May the Alberta PC party rest in peace

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“I’ve decided to seek the leadership of the Progressive Conservative Party of Alberta seeking an explicit mandate, to unite with the Wildrose Party and all like-minded Albertans so we can defeat the NDP and put this province back on the right track.” – Jason Kenney

It’s been a rough six months for the Alberta Progressive Conservative Party but it looks like Jason Kenney will get his wish, at least part of it. He appears to be destined to win the leadership of the party and the right will be united but not likely under his control.

With all of the current turmoil within both the executive and the rank and file of the PCs, the March leadership convention is likely to ring the death knell of that party. Kenney may win the leadership but the leadership of what? The PC party seems doomed to crash (if it hasn’t already) and will take Kenney with it.

Progressive Conservative sympathizers are already turning to the Wildrose Party under the leadership of Brian Jean in droves, essentially fulfilling Kenney’s mandate to ‘unite the right.’ This seems to be a much cleaner and more rational means to accomplish the ‘unite the right’ movement than attempting to take over the leadership of the current organization, folding it, and attempting to form a new amalgamated party, bringing in the present members of the existing Wildrose.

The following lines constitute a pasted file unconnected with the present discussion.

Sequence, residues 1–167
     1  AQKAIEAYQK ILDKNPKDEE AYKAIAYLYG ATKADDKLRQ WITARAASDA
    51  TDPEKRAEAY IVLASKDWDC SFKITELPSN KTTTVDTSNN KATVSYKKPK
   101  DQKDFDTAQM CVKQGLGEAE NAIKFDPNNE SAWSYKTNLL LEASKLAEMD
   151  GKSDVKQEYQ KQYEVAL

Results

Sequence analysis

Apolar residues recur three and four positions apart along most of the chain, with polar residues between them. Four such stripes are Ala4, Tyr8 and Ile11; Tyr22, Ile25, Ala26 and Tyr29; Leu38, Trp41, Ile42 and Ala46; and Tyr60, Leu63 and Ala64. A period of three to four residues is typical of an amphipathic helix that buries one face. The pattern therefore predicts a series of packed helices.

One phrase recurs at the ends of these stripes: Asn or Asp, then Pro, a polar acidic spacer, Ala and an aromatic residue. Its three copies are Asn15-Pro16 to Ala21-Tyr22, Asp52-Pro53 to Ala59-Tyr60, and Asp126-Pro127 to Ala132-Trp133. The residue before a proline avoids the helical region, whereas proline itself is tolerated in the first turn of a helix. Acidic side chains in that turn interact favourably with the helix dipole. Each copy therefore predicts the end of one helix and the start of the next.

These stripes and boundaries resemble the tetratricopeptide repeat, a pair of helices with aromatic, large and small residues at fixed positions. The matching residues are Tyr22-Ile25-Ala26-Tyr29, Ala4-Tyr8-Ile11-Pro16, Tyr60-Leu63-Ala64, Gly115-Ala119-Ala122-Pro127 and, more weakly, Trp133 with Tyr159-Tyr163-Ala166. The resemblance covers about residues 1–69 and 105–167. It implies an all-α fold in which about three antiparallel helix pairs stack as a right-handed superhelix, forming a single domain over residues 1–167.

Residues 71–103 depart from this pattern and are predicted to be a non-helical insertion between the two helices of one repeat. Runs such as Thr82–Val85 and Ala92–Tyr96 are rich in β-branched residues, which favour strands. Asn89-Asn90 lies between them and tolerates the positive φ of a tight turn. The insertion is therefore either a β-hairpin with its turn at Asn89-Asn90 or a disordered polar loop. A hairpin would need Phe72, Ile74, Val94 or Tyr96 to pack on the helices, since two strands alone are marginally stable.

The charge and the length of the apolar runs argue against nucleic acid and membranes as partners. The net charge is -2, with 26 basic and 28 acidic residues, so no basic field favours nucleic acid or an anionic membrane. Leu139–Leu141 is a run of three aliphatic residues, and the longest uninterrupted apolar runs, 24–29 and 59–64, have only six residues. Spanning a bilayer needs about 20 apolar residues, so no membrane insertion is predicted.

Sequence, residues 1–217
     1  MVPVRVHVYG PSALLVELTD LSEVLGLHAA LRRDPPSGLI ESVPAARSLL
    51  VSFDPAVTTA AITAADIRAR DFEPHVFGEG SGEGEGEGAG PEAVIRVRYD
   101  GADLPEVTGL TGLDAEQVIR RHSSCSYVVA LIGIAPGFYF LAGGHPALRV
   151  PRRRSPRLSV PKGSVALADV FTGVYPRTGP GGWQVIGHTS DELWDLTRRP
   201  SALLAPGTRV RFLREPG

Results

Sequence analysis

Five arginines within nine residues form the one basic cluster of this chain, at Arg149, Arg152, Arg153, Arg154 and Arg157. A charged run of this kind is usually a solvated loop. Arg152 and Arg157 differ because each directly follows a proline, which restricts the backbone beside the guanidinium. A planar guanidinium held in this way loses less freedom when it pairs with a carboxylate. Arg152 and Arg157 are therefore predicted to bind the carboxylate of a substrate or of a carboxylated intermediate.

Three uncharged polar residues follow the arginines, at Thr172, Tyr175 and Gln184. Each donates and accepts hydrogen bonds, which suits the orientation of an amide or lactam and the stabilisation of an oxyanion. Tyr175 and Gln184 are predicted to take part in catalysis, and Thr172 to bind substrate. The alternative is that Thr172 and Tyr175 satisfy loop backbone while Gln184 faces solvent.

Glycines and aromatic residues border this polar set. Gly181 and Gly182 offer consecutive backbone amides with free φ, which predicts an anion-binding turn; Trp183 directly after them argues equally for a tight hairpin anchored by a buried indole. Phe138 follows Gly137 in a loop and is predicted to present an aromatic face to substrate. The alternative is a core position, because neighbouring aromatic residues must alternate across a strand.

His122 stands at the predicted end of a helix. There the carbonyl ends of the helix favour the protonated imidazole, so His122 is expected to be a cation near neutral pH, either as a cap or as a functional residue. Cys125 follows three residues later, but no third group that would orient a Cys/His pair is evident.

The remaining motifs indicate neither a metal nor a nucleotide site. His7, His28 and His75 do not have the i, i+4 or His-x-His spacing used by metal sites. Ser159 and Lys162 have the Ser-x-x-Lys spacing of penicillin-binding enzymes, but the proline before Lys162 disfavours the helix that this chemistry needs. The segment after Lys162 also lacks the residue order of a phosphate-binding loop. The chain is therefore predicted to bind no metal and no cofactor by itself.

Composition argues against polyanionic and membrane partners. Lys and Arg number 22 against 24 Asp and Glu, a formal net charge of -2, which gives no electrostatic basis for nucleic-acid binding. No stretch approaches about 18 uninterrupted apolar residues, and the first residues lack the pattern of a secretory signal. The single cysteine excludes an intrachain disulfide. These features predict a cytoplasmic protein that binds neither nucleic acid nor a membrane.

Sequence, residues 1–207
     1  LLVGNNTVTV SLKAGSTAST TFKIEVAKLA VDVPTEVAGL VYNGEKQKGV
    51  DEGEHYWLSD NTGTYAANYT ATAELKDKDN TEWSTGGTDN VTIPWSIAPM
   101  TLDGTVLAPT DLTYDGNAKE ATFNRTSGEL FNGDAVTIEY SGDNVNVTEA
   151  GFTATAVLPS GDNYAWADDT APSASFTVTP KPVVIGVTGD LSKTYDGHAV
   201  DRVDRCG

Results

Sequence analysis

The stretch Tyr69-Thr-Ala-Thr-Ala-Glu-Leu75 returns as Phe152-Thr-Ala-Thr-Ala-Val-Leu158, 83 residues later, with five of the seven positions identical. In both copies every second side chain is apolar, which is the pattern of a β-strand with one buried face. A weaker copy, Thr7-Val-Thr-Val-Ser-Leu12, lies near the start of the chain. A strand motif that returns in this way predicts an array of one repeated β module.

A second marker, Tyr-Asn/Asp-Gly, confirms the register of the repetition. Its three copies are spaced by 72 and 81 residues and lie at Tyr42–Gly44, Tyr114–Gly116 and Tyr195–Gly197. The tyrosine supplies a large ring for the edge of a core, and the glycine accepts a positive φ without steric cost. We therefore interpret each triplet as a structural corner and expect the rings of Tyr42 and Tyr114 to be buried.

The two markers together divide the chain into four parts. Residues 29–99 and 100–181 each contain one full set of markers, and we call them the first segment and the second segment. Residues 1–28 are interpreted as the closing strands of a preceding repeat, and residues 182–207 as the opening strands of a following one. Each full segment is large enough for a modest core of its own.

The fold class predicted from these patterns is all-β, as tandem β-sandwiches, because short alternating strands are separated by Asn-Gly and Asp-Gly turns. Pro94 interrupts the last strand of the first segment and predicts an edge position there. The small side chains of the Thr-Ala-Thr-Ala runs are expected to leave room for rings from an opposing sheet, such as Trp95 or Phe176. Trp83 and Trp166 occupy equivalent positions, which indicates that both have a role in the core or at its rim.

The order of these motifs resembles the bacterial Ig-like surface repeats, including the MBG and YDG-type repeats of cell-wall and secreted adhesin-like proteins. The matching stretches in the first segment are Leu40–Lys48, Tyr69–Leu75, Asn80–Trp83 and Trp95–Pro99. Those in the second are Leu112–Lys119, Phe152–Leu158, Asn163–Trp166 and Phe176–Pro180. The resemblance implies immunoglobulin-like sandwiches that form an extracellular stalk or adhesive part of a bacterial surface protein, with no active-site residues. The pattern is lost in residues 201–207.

Yes, the hardcore fiscal conservatives from the rural areas may have some difficulties getting along with the socially progressive urban conservatives but a strong, dynamic leader can be a peacemaker. There are certainly ‘progressive’ champions who feel that Wildrose is too far to the right but the ultimate objective is to defeat the New Democrats and form the next government in 2019. We need to remember that the formation of the Wildrose under Ed Stelmach’s reign was largely precipitated by the perception that the PC party was drifting too far to the left. Now is a good time to go back to the right and see if a middle ground is attainable.

Given this objective, PC’ers must hold their collective noses, vote for the best alternative, and get involved with the existing Wildrose Party. If there is sufficient support over time an attempt can be made to find an acceptable platform to bring Alberta back to a more centralist political philosophy. But now is the time to think rationally and move on – enough of the bickering and in-fighting.

Ken Allred is a former St. Albert alderman and MLA.

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